- The Washington Times - Sunday, January 4, 2004

The British Airways Flight 223 from London’s Heathrow Airport to Washington Dulles International Airport, canceled or delayed three times in four days, was delayed again yesterday amid security concerns.

British Airway officials in New York said the flight was delayed more than three hours but was expected to arrive at Dulles at about 9:15 p.m. However, airline and government officials have provided no details about the security threats since the first British Airways flight, from Dulles to Heathrow, was delayed three hours on New Year’s Eve.

“The delay [yesterday] has been caused by the passing of some extra information to the U.S.,” British Airways spokesman Paul Parry said from London.

He said U.S. officials then responded by asking officials in London for more information about yesterday’s flight and that similar scenarios occurred on New Year’s and Friday when takeoffs of Flight 223 were canceled.

U.S. officials also have declined to discuss what prompted them to ask for the additional information.

British Transportation Secretary Alistair Darling would not discuss what caused the cancellations and delays, but warned travelers of more security alerts to come.

“I fear that for many years to come, we are going to be living in an age where there is going to be a heightened state of alert,” he said during an interview with the British Broadcasting Corp. “Sometimes it will be quite severe [and] at other times perhaps less so.”

BBC Radio reported Saturday that “an individual who is on a U.S. list of terrorist suspects was trying to get on Flight 223 to Washington when it was canceled on Thursday.”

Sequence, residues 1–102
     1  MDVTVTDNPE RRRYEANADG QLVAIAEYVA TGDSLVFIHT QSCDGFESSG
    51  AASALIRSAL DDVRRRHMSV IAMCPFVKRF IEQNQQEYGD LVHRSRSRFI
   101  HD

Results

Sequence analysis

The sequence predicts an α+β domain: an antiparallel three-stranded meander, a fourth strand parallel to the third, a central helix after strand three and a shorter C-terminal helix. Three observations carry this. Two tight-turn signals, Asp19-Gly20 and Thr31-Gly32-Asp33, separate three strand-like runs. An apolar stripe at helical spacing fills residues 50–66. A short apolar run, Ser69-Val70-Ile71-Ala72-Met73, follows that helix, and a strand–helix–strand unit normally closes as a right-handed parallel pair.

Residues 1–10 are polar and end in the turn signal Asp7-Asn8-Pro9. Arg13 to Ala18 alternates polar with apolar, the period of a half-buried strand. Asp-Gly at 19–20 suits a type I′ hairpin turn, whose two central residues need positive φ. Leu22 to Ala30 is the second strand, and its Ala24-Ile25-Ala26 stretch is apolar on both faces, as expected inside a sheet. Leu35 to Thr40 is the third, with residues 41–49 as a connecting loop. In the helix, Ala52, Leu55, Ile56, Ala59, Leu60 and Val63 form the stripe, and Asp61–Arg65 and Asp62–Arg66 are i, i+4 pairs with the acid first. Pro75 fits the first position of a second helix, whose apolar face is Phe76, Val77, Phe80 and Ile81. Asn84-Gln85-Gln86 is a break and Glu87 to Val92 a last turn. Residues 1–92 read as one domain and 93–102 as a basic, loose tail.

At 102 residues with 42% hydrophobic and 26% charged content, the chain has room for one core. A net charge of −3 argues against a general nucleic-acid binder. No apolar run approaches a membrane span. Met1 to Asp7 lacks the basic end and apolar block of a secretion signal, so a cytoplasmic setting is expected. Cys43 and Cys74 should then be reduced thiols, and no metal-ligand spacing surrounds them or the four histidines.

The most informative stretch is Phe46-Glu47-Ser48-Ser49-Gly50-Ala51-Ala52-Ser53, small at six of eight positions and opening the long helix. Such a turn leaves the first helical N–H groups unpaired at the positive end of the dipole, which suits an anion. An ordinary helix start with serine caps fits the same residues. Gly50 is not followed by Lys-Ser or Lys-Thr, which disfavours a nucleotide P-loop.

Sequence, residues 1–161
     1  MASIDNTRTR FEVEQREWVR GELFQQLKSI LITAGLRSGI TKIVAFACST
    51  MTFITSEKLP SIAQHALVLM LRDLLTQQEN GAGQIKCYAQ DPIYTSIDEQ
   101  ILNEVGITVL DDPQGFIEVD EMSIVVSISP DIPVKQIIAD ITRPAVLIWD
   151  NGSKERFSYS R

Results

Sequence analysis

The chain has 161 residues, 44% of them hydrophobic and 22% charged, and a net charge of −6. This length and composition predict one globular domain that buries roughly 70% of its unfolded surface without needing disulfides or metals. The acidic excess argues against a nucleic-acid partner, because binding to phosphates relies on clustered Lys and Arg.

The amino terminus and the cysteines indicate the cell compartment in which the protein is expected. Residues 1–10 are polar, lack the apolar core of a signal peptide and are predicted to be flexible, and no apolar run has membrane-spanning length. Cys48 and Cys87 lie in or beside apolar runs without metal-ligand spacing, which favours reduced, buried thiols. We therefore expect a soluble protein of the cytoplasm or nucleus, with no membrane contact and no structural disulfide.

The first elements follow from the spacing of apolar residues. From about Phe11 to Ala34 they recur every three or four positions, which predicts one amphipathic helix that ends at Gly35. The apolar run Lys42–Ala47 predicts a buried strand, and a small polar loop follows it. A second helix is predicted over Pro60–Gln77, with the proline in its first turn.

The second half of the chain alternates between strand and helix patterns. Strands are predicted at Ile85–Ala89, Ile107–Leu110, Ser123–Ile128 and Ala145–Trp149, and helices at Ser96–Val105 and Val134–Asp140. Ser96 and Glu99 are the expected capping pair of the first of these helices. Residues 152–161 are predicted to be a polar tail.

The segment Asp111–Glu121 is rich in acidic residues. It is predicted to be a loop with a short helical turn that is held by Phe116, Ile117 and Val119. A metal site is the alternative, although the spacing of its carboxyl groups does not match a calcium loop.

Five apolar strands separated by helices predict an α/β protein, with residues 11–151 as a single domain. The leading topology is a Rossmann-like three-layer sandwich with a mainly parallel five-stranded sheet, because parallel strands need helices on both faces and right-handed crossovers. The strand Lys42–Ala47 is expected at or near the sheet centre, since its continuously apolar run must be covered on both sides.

The New Year’s Eve flight was delayed three hours at Dulles by U.S. authorities because of “credible information” about suspected terrorist activity, said a Homeland Security Department official who requested anonymity.

The London Observer newspaper yesterday said armed police watched as passengers were searched and their passports checked. Intelligence agents reportedly quizzed each passenger before escorting them on board one at a time.

The newspaper also reported that U.S. intelligence officials learned that Islamist terrorists had obtained legitimate passports from the United States, the United Kingdom and other European countries.

There is also “compelling new evidence” that jihadist groups regard London as a key financial and recruiting territory, the paper reported.

Professors, engineers, doctors and teachers were among those being recruited, the paper also reported.

The Bush administration raised the national terrorism alert level on Dec. 21 from Code Yellow, elevated risk, to Code Orange, high risk.

The intelligence information that interfered with the British Airways flights to the United States also canceled a flight from Heathrow to Riyadh, the capital of Saudi Arabia.

British Airways yesterday had not decided whether the scheduled Riyadh flight would resume today.

Several other international flights have been canceled since New Year’s Eve, including two from Mexico City to Los Angeles and an Air France flight from Paris to New York. However, British Airways Flight 217 arrived on schedule yesterday afternoon at Dulles.

News reports in England suggest that the British government has received intelligence tips that the al Qaeda terror network planned to use the flights to make suicide attacks on prominent U.S. targets.

Mr. Darling declined to comment on the reports.

“We are going to have to get used to increased security at airports,” he said. “From time to time, that will be noticeable and at other times, maybe things will be going on behind the scenes.”

• This article is based in part on wire service reports.

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